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Country Scrapple: Panhaus recipe An American Tradition

$23.59

(1 customer review)

The author did a great job describing the story underlying the struggle. As far as I know, it is very accurate. William Voise Weaver traces the origins of American culinary oddity to Country Scrapple. Few Americans of the twenty-first century recall a flap of their ancestors, a hearty mixture of seasoned minced meat and grain, which made tasty waste left after cutting.

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William Voise Weaver traces the origins of panhaus recipe American culinary oddity to Country Scrapple. Few Americans of the twenty-first century recall a flap of their ancestors, a hearty mixture of seasoned minced meat and grain, which made tasty waste left after cutting. Served in sliced ​​and fried ankle farming families in the dark winter months. Each immigrant group had its own scraping recipe, and the Dutch version of Pennsylvania, made from pork and cornmeal, began to dominate the scene. Ohio still enjoys Goetta, which replaces oats with corn. Weaver documents recipes for many regional American variations and deftly explains the differences between panhaus recipe them. The book even has a catalog of German museums with exhibits related to trash. Comprehensive bibliography of documents of written sources. Mark Noblauch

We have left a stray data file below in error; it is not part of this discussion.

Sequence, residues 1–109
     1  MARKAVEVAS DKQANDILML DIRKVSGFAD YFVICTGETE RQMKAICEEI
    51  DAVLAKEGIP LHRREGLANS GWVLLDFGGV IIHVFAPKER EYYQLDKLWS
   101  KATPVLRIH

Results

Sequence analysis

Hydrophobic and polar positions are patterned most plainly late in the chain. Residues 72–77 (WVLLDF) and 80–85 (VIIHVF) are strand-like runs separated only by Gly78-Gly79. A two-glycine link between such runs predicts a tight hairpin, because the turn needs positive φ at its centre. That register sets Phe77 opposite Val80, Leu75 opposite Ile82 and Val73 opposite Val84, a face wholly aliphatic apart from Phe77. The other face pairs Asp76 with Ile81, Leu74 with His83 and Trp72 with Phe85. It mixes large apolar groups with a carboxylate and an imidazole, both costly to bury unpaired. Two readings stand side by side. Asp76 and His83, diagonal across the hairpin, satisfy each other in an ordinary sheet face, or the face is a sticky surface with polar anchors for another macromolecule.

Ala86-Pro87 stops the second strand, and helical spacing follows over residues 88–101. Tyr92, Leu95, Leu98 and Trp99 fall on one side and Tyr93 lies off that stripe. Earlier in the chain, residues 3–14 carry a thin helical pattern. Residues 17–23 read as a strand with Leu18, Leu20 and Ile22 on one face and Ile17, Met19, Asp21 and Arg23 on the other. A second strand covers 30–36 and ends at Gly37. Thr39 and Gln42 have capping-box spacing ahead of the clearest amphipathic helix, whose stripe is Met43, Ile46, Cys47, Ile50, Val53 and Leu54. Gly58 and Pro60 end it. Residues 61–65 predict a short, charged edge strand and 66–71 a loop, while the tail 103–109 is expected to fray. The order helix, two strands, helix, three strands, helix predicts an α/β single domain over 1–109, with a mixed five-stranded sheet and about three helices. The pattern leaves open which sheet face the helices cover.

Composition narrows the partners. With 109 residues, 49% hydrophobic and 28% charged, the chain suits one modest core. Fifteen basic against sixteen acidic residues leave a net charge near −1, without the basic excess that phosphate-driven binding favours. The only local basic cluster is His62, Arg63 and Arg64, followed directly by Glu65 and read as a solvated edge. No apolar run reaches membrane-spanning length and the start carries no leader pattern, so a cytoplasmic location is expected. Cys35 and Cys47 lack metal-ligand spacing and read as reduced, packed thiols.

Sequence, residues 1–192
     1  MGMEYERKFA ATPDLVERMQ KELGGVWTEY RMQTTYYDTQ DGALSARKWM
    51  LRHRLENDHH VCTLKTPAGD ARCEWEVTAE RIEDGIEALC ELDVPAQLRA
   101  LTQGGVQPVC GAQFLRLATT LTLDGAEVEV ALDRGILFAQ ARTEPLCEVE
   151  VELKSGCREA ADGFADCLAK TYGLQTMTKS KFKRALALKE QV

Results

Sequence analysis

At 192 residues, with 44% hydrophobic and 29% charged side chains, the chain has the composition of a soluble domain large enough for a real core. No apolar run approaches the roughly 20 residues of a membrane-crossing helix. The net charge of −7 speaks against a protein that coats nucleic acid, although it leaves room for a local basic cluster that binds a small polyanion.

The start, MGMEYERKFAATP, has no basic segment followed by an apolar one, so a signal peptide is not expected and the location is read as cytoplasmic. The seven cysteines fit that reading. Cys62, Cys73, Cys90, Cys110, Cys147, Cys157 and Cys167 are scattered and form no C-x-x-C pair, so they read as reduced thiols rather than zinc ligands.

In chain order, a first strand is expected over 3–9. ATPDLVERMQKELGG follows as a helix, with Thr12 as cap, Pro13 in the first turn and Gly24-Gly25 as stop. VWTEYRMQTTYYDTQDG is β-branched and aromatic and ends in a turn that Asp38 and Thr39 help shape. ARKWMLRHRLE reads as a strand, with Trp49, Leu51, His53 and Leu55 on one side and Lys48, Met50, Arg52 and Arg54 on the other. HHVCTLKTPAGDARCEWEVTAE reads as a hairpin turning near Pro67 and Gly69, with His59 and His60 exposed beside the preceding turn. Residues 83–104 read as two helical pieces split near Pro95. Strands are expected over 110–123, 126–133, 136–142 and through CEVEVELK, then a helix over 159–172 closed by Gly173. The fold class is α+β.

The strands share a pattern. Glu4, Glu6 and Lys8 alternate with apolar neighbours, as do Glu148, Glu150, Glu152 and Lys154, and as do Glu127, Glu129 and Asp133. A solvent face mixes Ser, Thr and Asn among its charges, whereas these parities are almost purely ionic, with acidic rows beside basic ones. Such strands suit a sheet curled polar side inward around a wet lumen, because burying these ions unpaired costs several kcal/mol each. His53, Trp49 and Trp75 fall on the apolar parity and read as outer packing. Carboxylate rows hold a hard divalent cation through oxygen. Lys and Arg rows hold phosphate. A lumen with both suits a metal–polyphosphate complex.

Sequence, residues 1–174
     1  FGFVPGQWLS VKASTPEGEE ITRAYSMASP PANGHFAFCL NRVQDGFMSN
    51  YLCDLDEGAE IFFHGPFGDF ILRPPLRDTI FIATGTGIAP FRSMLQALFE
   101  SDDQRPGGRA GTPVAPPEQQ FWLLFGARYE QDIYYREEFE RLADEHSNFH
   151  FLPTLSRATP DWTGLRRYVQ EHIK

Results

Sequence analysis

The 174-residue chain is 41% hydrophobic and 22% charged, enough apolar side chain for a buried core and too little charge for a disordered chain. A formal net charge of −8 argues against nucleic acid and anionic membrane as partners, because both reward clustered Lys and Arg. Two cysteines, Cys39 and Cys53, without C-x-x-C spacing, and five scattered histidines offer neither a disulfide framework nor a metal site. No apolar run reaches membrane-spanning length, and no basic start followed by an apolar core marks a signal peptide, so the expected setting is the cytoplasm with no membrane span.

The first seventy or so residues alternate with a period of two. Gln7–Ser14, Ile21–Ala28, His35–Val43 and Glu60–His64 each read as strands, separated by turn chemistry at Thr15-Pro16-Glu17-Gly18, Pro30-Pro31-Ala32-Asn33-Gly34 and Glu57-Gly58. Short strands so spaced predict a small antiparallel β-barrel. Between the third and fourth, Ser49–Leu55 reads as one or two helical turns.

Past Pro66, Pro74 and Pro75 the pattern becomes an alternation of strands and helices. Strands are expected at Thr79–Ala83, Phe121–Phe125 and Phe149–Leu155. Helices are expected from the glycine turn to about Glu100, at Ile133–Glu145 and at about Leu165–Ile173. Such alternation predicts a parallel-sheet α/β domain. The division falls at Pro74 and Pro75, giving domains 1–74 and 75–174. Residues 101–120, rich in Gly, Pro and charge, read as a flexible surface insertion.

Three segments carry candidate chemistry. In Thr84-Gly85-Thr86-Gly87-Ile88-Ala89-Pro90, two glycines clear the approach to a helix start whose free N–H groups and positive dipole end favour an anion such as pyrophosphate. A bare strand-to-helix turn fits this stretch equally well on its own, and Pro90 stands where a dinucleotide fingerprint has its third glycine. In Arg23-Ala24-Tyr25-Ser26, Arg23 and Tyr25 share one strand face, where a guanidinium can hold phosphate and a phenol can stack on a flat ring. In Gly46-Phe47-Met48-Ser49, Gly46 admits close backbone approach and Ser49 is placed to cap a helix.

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1 review for Country Scrapple: Panhaus recipe An American Tradition

  1. Sydney

    Good book!

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